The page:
Summary: Purpose: To describe male patients (pts) with psychogenic nonepileptic seizures (PNESs) followed up in a Veteran's Administration (VA) seizure clinic and to compare them with those with epileptic seizures (ESs) by using clinical, and psychosocial variables.
Methods: Adult male veterans seen between 1997 and 2000 with ESs were compared with those with PNESs with respect to clinical history (head trauma, antiepileptic drug exposure, depression, anxiety, substance abuse, seizure description), documented chronic pain, posttraumatic stress disorder (PTSD), compensation for diagnosis, neurologic examination, and test results including imaging and EEG data.
Results: Men with PNESs were younger and reported more frequent events, and diagnoses of chronic pain, anxiety, and PTSD were significantly greater. Neuroimaging [computed tomography (CT) or magnetic resonance imaging (MRI) of the brain] and neurologic examination were significantly more likely to be normal or nonspecific in pts with PNESs, although history of ictal urinary incontinence or service-connected compensation for diagnosis did not distinguish the groups.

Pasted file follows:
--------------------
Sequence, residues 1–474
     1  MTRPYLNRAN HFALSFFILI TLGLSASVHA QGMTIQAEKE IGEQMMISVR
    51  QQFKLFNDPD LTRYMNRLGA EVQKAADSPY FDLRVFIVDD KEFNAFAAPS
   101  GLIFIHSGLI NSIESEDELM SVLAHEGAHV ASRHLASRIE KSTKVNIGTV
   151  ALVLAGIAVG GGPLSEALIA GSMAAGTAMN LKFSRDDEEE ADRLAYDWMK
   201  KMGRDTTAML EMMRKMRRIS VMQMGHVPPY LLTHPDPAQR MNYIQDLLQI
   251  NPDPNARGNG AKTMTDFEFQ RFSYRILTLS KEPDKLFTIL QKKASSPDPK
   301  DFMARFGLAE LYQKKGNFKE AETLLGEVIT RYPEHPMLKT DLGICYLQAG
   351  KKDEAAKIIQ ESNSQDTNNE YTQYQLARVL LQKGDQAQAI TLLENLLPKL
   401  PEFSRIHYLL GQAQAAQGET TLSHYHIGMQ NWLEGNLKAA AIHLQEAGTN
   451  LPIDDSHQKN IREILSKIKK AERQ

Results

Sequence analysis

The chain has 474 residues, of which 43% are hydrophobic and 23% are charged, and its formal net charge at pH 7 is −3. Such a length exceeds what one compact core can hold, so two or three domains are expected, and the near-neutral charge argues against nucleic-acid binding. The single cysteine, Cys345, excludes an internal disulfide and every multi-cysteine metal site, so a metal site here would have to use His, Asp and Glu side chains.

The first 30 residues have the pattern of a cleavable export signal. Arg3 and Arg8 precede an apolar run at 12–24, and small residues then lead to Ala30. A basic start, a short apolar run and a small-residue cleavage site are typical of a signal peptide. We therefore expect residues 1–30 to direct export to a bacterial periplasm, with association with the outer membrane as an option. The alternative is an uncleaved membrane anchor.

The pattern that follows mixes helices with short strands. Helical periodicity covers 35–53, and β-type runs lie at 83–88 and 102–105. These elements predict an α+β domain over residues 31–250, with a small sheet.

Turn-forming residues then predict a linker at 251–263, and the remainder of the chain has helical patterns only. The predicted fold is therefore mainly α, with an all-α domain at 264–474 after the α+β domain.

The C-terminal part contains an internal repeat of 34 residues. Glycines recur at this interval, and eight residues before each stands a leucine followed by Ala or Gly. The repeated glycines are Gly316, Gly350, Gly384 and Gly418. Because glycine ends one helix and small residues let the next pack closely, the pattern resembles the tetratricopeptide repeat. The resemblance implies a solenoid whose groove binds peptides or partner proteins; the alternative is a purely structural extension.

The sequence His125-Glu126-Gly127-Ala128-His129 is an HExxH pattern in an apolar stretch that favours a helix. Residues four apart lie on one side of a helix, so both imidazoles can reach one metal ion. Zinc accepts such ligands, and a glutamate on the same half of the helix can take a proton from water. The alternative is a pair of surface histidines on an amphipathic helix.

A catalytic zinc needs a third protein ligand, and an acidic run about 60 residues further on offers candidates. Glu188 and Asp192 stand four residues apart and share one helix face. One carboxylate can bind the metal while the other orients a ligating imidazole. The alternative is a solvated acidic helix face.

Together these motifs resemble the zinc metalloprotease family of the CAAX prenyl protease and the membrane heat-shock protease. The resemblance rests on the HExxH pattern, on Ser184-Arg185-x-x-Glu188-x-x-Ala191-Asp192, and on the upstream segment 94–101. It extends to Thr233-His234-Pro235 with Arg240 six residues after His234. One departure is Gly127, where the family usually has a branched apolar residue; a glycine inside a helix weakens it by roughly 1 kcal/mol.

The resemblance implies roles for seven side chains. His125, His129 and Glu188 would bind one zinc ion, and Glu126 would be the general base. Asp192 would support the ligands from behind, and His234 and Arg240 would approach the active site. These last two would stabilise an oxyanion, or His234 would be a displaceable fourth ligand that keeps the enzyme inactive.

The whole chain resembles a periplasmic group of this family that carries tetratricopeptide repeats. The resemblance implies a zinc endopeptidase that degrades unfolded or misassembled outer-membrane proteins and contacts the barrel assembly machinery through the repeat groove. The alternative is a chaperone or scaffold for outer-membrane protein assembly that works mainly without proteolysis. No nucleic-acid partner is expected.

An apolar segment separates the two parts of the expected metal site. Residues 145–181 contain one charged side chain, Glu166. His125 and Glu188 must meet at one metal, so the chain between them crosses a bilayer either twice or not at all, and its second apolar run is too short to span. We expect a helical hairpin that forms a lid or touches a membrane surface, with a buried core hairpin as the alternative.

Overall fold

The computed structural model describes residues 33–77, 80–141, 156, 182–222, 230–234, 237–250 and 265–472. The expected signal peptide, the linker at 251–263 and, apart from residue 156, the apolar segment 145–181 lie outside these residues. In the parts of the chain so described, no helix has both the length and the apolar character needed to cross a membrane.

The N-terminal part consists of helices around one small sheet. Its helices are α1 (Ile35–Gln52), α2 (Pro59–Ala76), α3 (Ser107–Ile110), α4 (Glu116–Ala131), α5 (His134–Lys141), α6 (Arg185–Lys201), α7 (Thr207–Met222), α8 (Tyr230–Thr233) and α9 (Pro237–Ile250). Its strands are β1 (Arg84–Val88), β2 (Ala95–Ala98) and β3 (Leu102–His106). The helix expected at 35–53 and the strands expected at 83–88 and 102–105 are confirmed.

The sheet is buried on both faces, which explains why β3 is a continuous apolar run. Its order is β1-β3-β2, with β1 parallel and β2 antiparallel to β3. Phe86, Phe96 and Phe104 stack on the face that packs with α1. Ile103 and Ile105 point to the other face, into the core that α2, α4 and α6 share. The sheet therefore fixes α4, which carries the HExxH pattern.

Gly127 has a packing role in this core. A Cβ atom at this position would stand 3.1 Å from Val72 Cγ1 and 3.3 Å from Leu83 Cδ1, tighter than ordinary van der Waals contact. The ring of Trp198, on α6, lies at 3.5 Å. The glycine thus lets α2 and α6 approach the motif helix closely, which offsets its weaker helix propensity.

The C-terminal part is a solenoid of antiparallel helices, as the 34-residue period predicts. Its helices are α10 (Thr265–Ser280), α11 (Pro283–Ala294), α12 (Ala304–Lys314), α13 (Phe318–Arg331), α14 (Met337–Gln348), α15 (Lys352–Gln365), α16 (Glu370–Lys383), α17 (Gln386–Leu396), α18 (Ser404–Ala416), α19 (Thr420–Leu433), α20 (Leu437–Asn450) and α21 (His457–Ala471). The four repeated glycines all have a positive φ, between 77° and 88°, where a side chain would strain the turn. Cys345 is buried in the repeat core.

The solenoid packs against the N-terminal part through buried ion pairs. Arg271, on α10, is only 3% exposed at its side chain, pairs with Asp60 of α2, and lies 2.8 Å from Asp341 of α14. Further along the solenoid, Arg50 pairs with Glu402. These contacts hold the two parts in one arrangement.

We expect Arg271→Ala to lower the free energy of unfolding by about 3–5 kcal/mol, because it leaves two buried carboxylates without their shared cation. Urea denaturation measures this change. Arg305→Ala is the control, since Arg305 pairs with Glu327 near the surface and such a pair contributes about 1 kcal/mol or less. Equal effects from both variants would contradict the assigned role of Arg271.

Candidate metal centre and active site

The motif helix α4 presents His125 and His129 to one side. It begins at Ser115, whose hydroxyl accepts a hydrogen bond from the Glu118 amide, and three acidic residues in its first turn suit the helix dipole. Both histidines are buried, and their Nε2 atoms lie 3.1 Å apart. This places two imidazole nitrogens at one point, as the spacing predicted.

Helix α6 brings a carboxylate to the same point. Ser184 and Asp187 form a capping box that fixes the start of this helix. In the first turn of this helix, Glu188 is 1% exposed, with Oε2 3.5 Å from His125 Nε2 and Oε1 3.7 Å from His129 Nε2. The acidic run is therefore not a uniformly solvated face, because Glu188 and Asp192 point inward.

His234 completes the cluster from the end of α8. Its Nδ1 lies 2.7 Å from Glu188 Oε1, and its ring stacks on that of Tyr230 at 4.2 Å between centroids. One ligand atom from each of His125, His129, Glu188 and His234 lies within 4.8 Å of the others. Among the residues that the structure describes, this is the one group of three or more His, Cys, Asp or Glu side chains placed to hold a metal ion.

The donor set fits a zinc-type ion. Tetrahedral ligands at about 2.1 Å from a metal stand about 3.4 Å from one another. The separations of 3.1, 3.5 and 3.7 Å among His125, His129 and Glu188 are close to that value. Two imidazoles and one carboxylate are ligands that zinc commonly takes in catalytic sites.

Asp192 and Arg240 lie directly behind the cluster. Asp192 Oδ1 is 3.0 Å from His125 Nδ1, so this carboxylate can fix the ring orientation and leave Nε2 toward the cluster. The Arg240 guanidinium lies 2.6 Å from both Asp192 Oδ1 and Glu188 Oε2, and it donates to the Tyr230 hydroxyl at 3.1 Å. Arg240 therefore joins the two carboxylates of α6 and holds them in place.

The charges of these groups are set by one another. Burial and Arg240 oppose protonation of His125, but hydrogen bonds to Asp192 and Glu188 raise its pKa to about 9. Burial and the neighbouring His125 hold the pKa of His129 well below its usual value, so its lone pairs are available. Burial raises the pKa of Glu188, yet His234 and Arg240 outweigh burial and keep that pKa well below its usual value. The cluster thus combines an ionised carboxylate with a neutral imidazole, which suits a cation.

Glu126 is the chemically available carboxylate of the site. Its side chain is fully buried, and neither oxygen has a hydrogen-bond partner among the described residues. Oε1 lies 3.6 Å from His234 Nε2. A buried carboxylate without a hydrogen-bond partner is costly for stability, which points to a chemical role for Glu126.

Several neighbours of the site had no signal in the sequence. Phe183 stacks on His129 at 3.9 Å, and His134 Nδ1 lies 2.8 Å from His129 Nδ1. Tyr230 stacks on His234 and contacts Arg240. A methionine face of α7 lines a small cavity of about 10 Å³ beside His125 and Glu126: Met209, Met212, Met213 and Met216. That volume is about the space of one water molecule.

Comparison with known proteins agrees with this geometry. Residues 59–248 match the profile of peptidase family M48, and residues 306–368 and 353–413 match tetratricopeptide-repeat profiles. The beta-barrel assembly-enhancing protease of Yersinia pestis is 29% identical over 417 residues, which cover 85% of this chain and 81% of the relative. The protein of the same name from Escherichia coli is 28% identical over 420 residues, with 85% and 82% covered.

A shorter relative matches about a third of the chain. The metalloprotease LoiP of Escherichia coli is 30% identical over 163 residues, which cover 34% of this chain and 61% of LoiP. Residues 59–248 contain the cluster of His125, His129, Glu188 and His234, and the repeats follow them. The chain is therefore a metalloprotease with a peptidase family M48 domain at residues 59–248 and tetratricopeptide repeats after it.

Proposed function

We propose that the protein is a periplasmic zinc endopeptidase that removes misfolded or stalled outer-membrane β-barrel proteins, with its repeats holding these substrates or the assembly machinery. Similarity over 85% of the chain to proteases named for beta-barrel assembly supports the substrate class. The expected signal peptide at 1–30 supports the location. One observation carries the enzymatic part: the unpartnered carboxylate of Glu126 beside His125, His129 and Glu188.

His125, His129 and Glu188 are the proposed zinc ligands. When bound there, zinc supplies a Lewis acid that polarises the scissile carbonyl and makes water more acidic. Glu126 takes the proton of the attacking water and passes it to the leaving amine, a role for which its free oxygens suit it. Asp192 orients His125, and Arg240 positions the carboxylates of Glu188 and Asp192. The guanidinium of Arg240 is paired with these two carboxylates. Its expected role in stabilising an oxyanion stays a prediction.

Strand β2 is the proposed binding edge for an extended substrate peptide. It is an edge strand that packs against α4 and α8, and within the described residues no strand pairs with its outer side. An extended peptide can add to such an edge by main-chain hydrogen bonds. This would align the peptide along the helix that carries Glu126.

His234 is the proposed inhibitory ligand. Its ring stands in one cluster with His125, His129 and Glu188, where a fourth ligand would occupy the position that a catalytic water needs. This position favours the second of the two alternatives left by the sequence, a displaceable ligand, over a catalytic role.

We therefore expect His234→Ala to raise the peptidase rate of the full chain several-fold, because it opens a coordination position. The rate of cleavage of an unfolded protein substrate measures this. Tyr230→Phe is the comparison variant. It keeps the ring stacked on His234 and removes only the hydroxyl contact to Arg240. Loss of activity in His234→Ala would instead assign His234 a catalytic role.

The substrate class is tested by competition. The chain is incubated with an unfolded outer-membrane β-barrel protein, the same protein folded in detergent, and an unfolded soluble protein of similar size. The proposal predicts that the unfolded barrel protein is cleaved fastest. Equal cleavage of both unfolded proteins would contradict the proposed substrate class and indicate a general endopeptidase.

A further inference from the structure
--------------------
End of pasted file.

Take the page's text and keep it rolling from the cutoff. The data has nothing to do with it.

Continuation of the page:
Conclusions: Male veterans with PNESs have characteristics similar to those reported in the literature, even though younger women have dominated previously studied populations. Compared with men with ESs, those with PNESs are more likely to have chronic pain, anxiety, and PTSD, as well as normal examinations and brain imaging.